A new, independent study from a Seattle economist reveals the impact of a $15 minimum wage in Seattle may be much greater than indicated in a University of Washington study requested and funded by the Seattle City Council.
The analysis by economist and tenured professor Peter Nickerson, Ph.D. , of a $15 minimum wage in Seattle shows the pay hike comes with a significant price tag. Based on data extrapolated from 2013 wage and hour data from the state Employment Security Department (ESD), nearly 117,000 workers at 10,911 firms would be affected. The total cost for all industries in the city would be $384 million a year.
While firms of all sizes would be affected, the study found many more small businesses (those with 1-9 employees) would be impacted than medium (10-99 employees) and large companies (100+ employees). Just 377 large and 2,818 medium companies would be affected, compared to 7,716 small employers. Conversely, the large employers would bear more of the cost, due to the high number of workers employed by larger companies.
The study estimates job losses in the city according to three reasonable elasticities of demand for low wage labor. At the lowest elasticity of -0.1 the potential job loss would be 4,728, at an elasticity of -0.25 job loss would be 11,820 and at an elasticity of -0.40 the job losses would be close to 19,000. The author notes it is not just the increased cost of labor of the $15 wage that would contribute to job loss, but also the fact the wage would only be effective in Seattle and not in adjacent cities.
The study also concludes that in addition to job loss, there will be fewer hours worked by those who retain their jobs, and the nature of those jobs will change. For example, a hotel may give maid more rooms to clean in the same amount of time.
None of the data on the number of workers and firms impacted, cost to employers and job loss includes the possible increased wages for jobs above the $15 per hour level. The impacts would be much greater if employers maintain pay ladders to ensure workers with skills and experience earn more than their entry-level co-workers.
Beyond the increased cost to employers and the estimated job losses, the study acknowledges non-economic impacts that are often overlooked. Employers and employees would be less able to differentiate by pay employees with different skill and motivation levels. Incentives to obtain technical training, associate degrees, and even high school diplomas, would likely decrease. Competition for the $15 per hour jobs would increase, drawing workers from outlying areas to compete for jobs in the city and encouraging people who currently do not work to seek work because of the higher wage. Turnover would decrease, making competition for jobs even greater. Workers would likely have fewer opportunities to earn overtime wages.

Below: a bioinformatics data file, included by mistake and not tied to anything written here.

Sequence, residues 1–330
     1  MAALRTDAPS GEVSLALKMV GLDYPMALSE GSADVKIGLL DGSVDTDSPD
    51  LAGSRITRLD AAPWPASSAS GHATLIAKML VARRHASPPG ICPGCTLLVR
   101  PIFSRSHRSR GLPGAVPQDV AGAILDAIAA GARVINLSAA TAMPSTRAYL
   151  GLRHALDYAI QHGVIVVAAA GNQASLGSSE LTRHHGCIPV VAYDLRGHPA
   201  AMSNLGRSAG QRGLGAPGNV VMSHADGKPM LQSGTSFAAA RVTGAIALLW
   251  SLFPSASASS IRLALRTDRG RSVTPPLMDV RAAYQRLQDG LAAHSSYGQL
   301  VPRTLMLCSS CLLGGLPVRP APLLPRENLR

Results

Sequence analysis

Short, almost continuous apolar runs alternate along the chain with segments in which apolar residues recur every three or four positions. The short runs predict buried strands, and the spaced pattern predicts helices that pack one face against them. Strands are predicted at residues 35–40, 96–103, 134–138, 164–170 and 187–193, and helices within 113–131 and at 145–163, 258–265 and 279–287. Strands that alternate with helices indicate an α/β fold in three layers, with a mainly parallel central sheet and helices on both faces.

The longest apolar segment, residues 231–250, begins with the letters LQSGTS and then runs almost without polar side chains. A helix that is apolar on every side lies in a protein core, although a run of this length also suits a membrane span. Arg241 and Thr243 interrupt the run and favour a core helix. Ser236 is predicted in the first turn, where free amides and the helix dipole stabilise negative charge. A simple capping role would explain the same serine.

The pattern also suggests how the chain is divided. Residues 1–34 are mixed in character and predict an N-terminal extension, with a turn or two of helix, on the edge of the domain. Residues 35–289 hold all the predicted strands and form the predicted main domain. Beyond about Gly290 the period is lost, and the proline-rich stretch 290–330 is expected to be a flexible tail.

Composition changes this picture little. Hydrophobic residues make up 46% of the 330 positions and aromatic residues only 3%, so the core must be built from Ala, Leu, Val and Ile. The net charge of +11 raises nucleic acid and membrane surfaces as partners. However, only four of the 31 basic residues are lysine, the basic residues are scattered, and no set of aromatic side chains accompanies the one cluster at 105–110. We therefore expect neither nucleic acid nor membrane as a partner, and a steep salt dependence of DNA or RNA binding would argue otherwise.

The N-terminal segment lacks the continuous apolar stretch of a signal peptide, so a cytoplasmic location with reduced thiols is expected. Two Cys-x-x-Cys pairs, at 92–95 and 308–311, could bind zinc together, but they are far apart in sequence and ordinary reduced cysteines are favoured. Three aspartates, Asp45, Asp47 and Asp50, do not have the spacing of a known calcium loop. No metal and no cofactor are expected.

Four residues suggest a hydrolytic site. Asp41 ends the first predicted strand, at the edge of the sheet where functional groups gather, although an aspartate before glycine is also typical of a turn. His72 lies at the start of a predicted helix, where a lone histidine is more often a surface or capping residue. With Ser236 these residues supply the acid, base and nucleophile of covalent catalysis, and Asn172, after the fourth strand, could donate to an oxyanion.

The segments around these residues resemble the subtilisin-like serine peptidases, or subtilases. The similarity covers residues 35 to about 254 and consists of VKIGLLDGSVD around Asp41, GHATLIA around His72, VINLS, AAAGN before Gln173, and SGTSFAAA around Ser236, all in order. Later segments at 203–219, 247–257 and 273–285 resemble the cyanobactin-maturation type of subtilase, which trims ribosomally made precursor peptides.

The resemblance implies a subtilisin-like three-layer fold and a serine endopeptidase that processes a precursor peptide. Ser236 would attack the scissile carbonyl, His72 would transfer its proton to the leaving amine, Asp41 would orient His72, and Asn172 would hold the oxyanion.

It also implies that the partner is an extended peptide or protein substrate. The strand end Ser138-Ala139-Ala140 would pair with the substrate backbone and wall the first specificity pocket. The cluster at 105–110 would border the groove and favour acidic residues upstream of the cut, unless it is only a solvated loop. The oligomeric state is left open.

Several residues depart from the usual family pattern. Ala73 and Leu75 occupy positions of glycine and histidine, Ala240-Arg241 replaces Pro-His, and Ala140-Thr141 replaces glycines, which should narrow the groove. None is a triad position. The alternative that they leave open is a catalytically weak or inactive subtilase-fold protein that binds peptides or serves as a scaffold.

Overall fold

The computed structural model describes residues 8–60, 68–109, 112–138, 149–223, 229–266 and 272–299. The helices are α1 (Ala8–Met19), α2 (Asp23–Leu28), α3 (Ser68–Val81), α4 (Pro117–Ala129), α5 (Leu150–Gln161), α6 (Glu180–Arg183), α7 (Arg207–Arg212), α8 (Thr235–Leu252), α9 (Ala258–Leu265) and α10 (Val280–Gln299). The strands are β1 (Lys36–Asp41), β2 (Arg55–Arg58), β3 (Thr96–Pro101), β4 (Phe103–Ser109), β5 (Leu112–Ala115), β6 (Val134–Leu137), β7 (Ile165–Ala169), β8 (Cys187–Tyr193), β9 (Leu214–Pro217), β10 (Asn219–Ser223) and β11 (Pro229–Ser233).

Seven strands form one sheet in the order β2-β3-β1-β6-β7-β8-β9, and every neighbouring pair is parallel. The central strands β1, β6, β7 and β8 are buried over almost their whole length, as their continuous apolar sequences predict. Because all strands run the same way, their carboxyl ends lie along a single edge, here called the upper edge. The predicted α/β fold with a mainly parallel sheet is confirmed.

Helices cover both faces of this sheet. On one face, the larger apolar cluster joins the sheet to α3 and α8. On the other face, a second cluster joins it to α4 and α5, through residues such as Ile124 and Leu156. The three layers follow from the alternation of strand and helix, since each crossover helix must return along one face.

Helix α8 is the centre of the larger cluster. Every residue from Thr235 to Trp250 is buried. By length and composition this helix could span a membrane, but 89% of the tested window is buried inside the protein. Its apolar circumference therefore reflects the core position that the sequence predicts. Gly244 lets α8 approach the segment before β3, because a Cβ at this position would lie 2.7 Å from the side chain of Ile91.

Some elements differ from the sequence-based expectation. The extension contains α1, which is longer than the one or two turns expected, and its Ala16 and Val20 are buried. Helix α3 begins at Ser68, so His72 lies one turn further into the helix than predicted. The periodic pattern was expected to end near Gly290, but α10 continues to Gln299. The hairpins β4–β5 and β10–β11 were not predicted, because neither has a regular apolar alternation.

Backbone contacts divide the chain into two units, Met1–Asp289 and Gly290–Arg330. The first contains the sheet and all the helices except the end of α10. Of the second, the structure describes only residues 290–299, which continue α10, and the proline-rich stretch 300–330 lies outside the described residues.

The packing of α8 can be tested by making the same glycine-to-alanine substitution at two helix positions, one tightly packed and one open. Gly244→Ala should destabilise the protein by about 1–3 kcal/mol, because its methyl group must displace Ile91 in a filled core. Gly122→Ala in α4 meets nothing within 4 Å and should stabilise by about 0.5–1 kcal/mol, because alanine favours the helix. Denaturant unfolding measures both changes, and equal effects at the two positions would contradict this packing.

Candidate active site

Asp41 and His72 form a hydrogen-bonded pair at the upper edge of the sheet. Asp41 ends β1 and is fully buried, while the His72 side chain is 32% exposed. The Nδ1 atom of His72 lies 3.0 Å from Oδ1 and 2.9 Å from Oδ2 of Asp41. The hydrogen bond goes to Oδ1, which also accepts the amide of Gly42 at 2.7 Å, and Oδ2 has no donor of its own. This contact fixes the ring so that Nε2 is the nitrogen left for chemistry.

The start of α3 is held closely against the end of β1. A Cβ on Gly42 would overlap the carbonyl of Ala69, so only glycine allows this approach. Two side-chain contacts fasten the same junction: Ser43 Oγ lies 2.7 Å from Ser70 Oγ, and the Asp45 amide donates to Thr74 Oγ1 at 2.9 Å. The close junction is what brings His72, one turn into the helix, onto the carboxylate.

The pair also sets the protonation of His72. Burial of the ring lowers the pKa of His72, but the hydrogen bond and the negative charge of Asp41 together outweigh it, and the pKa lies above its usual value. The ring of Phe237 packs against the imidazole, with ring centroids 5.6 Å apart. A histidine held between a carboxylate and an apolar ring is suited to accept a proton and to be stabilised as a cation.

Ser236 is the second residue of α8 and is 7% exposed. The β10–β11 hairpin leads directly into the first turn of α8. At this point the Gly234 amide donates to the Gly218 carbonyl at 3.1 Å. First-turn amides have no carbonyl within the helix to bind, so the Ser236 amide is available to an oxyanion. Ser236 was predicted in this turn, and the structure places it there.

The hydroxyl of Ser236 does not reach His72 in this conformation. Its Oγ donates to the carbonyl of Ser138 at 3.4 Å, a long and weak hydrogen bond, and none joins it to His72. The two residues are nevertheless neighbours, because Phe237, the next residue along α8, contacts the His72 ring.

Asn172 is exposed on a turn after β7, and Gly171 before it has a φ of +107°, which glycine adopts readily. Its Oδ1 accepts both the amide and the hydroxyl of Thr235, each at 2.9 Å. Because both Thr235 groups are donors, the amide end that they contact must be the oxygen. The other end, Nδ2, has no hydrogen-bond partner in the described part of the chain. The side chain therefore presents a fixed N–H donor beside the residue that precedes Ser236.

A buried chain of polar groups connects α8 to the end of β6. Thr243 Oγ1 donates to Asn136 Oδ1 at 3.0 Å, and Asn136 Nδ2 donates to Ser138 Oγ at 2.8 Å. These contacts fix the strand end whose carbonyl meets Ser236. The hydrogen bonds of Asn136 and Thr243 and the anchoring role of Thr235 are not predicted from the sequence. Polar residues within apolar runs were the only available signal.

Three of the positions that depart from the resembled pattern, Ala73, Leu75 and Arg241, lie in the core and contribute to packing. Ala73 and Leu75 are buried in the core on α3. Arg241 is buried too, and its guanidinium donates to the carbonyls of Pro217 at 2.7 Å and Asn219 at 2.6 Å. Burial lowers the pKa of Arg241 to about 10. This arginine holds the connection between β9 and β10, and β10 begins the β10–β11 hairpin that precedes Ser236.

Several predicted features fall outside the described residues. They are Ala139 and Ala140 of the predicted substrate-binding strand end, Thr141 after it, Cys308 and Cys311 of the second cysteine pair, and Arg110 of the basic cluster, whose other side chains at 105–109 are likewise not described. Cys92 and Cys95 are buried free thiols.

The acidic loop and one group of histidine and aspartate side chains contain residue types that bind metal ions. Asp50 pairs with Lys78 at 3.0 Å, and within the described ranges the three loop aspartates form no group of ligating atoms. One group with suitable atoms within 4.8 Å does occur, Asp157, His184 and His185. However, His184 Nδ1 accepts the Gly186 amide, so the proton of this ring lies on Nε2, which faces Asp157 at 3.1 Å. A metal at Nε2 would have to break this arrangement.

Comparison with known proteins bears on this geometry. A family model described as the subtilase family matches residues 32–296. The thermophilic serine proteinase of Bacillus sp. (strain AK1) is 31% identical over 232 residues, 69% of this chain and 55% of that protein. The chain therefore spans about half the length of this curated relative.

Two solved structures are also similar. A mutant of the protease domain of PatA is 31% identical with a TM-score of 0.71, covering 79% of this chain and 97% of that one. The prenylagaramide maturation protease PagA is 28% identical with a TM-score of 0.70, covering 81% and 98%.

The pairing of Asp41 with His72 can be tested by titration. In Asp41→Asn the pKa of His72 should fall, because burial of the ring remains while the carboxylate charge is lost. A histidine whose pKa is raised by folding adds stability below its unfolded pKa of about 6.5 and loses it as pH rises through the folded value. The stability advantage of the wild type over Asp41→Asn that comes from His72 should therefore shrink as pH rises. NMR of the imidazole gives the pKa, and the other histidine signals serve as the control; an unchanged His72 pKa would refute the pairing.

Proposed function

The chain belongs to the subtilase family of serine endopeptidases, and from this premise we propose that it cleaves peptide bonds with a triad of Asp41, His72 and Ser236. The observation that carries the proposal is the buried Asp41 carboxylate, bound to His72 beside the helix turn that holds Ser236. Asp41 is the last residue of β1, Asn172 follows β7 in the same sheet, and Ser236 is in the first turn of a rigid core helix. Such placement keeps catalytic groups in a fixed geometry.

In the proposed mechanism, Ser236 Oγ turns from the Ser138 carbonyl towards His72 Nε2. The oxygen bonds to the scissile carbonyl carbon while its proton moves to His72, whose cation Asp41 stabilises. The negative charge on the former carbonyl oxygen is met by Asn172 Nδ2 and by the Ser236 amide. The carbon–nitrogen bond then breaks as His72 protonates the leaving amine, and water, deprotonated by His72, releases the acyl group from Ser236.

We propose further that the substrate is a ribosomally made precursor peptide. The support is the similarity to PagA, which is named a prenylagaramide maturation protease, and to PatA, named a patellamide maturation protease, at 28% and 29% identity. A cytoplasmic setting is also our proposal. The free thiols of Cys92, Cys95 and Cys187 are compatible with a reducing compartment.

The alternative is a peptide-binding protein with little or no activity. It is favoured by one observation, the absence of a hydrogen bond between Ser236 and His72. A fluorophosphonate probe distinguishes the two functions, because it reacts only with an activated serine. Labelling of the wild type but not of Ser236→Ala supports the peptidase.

The study also reinforces many of the arguments opponents of a $15 minimum wage have made: Employers would favor hiring more skilled employees with better language skills over unskilled workers. Summer and seasonal jobs for teenagers would likely all but disappear. As the study notes, “some of the lowest skilled people in Seattle will find themselves commuting out of Seattle to find jobs.”
While the UW study  acknowledges it is “unlikely” there will be no changes in the labor market with a $15 minimum wage, the study does not provide estimates accounting for the impact of those changes, nor does it take into consideration those changes when determining the benefits of the higher wage. The UW study notes their analysis is “static as it does not include any number of adjustments which are likely to occur.”
As the Nickerson study observes, “labor markets and the businesses and workers in those markets are not dull, static entities. Markets and their participants are dynamic and responsive to change. When wages change, other things happen in the marketplace even when job losses are minimal or non-existent.”
So while the UW study identifies benefits such as higher wages and reduced poverty, it does not take into account the real world responses such as a shift in demand toward higher skilled workers, reduced hours or size of an employers’ workforce, increased competition for jobs, or that businesses may close or relocate. Such responses would diminish benefits. The UW study cautions readers “to take these caveats into account. As is, these results [such as increased wages and reduced poverty] should be taken as upper bounds of the true effect. Effects of this magnitude are unlikely to occur.”
Perhaps those caveats explain Dr. Nickerson’s motivation in providing an independent analysis of a $15 minimum wage. Completely self-funded, he says he conducted the analysis “out of concern of a lack of detailed information in the hands of the public.”
As Nickerson points out, “Individuals who would get and keep the $15.00 per hour jobs would certainly be better off. The cost of that increase, however, would include high unemployment and job loss.”